Methylphenidate should be first choice ADHD drug in children, Lancet study concludes
For the short-term treatment of attention-deficit hyperactivity disorder in children, methylphenidate should be the first choice of treatment, while amphetamines should be used for adults who have the condition, according to a Lancet review.
The preferred first-line treatment for attention-deficit hyperactivity disorder (ADHD) in children is methylphenidate, a review of the evidence has concluded.
The research, which looked at evidence on the safety and efficacy of seven drugs used to treat the condition, also recommended that amphetamines should be the first choice in adults who have ADHD.
However, more evidence is needed on long-term effects of the drugs, and environmental modifications and other non-pharmacological treatments should be tried first, the researchers concluded in The Lancet Psychiatry on 7 August 2018.
In a large meta-analysis and systematic review, researchers looked at evidence from 133 double-blind randomised controlled trials — including 81 trials in children — for lisdexamfetamine, atomoxetine, bupropion, clonidine, guanfacine, methylphenidate and modafinil, compared with placebo over 12 weeks of treatment.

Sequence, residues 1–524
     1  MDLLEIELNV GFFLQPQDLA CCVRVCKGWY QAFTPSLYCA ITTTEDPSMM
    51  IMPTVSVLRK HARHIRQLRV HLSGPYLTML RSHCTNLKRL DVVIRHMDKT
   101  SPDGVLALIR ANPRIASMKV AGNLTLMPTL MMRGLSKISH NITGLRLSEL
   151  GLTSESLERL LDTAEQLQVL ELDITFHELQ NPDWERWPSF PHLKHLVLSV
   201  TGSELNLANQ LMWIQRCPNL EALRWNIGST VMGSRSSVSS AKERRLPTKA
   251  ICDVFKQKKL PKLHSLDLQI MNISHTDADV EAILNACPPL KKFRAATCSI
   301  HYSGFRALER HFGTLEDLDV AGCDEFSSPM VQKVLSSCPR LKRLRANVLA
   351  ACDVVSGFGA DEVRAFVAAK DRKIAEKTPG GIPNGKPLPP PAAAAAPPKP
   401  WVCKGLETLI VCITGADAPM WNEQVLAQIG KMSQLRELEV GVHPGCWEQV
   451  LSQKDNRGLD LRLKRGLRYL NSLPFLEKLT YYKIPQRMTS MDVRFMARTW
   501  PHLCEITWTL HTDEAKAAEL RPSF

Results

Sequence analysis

For the short-term treatment of ADHD, all of the drugs, except modafinil in adults, were more effective than placebo but were less effective and less tolerable in adults than children and adolescents, although it was unclear why.
Current guidelines on use of the drugs are inconsistent, the researchers pointed out.
The National Institute for Health and Care Excellence (NICE) already aged five years and over and young people with ADHD, with lisdexamfetamine and atomoxetine or guanfacine recommended as second and third options.
In adults, NICE recommends methylphenidate and lisdexamfetamine as first-line treatments, but other European guidelines recommend psychostimulants as first-line options with no distinctions.
Andrea Cipriani, study lead and associate lecturer in the department of psychiatry at the University of Oxford, UK, said medication could be an important tool for ADHD and the evidence showed these were safe and effective treatments in the short term.
“It’s important to note that the data available only allows us to compare the effectiveness at 12 weeks, when we know that both children and adults can be on these medications for longer,” he added.
New research should be funded urgently to assess the long-term effects of these drugs, the researchers concluded.
Citation: The Salvadore DOI: 10.1211/PJ.2018.20205303
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